Convenient stop en route to top spot for tourists

I took to The Lindisfarne Inn as soon as we had crossed the threshold.

It was a friendly building even before we encountered any staff.

Pleasant and well-maintained on the outside and warm and cosy inside.

Tastefully decked out in traditionally country-pub style, it seems to open its arms and give you a big hug.

The Northumbrian slogans carved into chunky beams raised a smile – ‘Scran, slorp, kip and dander aboot’ and ‘Gan canny’ above the exit.

The landlord was extremely pleasant, explaining carefully the difference between the two real ales on pump – Farne Island and the Secret Kingdom – both very appropriate for an inn at the gateway to the magnificent Holy Island.

My wife and I both chose the darker, richer and slightly stronger Secret Kingdom to accompany meal selection.

We sat in the bar area as the light, airy restaurant was full – that’ll teach us not to book!

The menu screamed pub grub at us, but there were enough variations on a theme and interesting twists to keep us hooked.

The specials board also posed a few dilemmas: Deep-fried, breaded brie wedges (£5,95) or Cajun-style chicken wings (£6.95) to start and pan-fried tuna steak (£14.95), beer-battered Scottish haggis (reflecting our proximity to the border, £9.95), seafood medley (mussels, haddock, salmon and king prawns cooked in a creamy garlic and white wine sauce, very tempting, £14.95) or pan-fried haddock with a Greenland prawn and vanilla cream sauce (£12.95).

I also liked the polite warning that the food was cooked to order and might mean delays at busy times – at least it meant your scran would be freshly cooked. The lack of commitment on the menu to local produce was slightly disappointing, though.

We chose to share a starter – the antipasto (a selection of cured meats, with olives, sun-dried tomatoes and toasted bread slices, £8.95) and ordered at the bar. Once it arrived, we realised it wasn’t the most challenging dish for the chef and was more an exercise in presentation, which was first-class.

The salad leaves could have been crispier but, all in all, a good start, a sample of the Mediterranean on the longest day.

Our main courses required more ingenuity. I went for pan-fried sea bass cooked in a honey, lime and coriander sauce, served with seasonal vegetables and new potatoes (£12.95). The sauce was an interesting combination of flavours, which would have worked had it not been too salty, killing any subtlety.

Added to the saltiness of the earlier olives and cured meat, I needed that pint to quench my thirst.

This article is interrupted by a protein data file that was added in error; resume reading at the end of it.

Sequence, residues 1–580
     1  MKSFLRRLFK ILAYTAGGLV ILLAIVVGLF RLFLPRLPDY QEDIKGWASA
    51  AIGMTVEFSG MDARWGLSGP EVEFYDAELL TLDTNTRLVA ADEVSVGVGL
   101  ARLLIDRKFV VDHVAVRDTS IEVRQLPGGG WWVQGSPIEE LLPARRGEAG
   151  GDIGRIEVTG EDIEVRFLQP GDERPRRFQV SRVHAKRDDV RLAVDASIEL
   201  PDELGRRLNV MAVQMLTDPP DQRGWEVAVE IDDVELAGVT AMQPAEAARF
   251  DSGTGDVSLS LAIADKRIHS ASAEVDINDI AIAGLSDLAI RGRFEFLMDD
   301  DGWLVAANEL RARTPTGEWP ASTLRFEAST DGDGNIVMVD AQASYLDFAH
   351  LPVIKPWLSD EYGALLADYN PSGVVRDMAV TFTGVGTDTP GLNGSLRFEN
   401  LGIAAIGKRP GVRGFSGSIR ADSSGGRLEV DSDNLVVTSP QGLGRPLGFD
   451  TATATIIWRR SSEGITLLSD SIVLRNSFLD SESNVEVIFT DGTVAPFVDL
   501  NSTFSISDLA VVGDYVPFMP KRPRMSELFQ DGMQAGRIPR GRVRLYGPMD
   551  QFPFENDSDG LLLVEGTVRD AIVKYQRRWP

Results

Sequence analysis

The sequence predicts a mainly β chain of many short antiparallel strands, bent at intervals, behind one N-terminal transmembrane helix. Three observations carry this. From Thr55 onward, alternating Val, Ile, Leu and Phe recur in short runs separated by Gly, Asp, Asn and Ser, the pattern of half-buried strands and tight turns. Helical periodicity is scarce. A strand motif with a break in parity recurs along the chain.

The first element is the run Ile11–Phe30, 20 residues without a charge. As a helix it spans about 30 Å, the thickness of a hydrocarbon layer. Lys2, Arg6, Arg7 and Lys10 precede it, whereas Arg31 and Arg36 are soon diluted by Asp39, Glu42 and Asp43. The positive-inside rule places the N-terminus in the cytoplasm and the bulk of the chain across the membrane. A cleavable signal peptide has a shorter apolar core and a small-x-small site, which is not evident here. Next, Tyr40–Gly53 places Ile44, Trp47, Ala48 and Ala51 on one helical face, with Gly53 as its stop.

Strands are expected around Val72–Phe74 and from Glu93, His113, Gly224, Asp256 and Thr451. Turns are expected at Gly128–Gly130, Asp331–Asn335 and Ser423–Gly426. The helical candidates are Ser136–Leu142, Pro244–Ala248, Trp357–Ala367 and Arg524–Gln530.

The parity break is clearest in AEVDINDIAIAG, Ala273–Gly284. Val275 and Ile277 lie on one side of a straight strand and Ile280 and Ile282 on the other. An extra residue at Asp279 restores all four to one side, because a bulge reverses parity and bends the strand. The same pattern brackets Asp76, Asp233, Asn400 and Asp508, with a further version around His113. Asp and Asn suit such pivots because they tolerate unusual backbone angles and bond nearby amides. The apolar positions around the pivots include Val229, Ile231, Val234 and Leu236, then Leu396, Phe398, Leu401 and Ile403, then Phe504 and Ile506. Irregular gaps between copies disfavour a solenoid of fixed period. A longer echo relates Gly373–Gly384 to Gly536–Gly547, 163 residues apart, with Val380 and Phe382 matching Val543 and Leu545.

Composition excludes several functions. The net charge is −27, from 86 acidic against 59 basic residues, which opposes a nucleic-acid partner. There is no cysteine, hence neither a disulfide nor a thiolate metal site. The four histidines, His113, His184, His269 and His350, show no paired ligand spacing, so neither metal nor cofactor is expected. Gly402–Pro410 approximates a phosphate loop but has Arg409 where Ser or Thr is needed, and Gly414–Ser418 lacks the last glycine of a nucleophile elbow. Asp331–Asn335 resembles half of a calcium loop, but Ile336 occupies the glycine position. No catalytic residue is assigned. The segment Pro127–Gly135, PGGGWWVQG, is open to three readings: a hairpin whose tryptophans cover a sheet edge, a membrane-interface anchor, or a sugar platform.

It was a fine effort, though, with neat presentation and well-cooked broccoli, green beans and carrots.

My wife had the chicken tikka (£12.95), which had a more straightforward appearance – chunks of chicken breast in rich, creamy tikka sauce in a silver dish, with a mound of plain rice and an artistic poppadom.

It was a triumph for someone who would not normally opt for a curry – her high-risk strategy paid off and she was rewarded with a spicy, but mild, treat.

We felt so at home that we decided to stay for desserts.

I side-stepped my usual sticky toffee pudding in favour of fruit crumble and custard (£5.95) and I ordered warm chocolate fudge cake with vanilla ice cream (£5.50) for my wife.

Mine was a real conglomeration of flavours. The fruit was toffee apple, the crumble was sitting in a pool of custard and the dish drizzled with strawberry sauce and it was topped with a Flake. Wow! Too much for my delicate taste buds, I’m afraid.

You can tell the chef was trying so hard to impress, perhaps a little too hard on this occasion. Take away the chocolate and strawberry drizzle and the dessert would have been ample.

By contrast, the fudge cake was simple but effective. Guess whose dish was clean at the end!

She never did tell me her verdict, but I guess the empty bowl said it all.

We enjoyed our trip north and would give it the nod for anyone visiting Holy Island.

Vegetarians are well looked after at the Lindisfarne Inn, with their own section of four main courses, including mushroom tikka (£8.95) and roasted vegetable tart (£7.95). And many of the dishes have a guten-free option available.